What is that tremendous system of production, organization and struggle known as modern industrialism going to do with the Negroes of the United States? Passing into its huge hopper and between its upper and nether millstones, are they to come out grist for the nation, or mere chaff, doomed like the Indian to ultimate extinction in the raging fires of racial and industrial rivalry and progress? Sphinx’s riddle, say you, which yet awaits its Oedipus? Perhaps, though an examination of the past may show us that the riddle is not awaiting its Oedipus so much as his answer, which he has been writing slowly, word by word, and inexorably, in the social evolution of the republic for a century, and is writing still. If we succeed in reading aright what has already been inscribed by that iron pen, may we not guess the remainder, and so catch from afar the fateful answer? Possibly. Then let us try.
With unequaled sagacity the founders of the American Republic reared, without prototype or precedent, its solid walls and stately columns on the broad basis of human equality, and of certain inalienable rights, such as life, liberty and the pursuit of happiness, to which they declared all men entitled. Deep they sunk their foundation piles on the consent of the governed, and committed fearlessly, sublimely, the new state to the people. But there was an exception, and on this exception hangs our tale, and turns the dark drama of our national history.
Those founders had to deal with many novel and perplexing problems of construction, but none seemed so difficult to handle as were those which grew out of the presence of African slavery, as an industrial system, in several of the States. At the threshold of national existence these men were constrained by circumstances to make an exception to the primary principles which they had placed at the bottom of their untried and bold experiment in popular government. This sacrifice of fundamental truth carried along with it one of the sternest retributions of history. For it involved the admission on equal footing into the Union of a fundamental error in ethics and economics, with which our new industrial democracy was forced presently to engage in deadly strife for existence and survivorship.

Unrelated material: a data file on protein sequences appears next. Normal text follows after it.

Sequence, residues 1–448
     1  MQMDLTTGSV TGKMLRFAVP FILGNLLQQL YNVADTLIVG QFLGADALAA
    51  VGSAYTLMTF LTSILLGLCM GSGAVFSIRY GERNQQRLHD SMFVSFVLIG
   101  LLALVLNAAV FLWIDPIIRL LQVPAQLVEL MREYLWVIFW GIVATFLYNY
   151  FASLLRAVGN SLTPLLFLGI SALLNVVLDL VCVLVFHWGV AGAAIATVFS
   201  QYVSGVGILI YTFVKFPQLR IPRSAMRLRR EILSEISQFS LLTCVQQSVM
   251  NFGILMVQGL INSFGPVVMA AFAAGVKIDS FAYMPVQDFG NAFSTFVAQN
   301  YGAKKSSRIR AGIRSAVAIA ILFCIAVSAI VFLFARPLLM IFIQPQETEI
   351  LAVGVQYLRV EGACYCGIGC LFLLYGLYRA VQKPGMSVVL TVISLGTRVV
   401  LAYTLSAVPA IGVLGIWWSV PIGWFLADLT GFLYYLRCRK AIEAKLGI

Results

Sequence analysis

The American fathers were, undoubtedly, aware of the misfortune of admitting under one general government, and on terms of equality, two mutually invasive and destructive social ideas and their corresponding systems of labor. But they were baffled at the time by what appeared to be a political necessity, and so met the grand emergency of the age by concession and a spirit of conciliation. Many of them, indeed, desired on economic as well as on moral grounds the abolition of slavery, and probably felt the more disposed to compromise with the evil in the general confidence with which they regarded its early and ultimate extinction.
This humane expectation of the young republic failed of realization, owing primarily and chiefly, I think, to the potent influence upon the institution of slavery of certain labor-saving inventions and their industrial application in England and America during the last quarter of the eighteenth century. These epoch-making inventions were the spinning jenny of Hargreaves, the spinning machine of Arkwright and the mule of Crompton, in combination with the steam engine, which turned, says John Richard Green, “Lancastershire into a hive of industry.” And last, though not least in its direct and indirect effects on slavery, was the cotton gin of Eli Whitney, which formed the other half—the other hand, so to speak—of the spinning frame. The new power loom in England created a growing demand for raw cotton, which the American contrivance enabled the Southern planter to meet with an increased supply of the same. Together these inventions operated naturally to enhance the value of slave labor and slave land, and therein conduced powerfully to the slave revival in the United States, which followed their introduction into the economic world....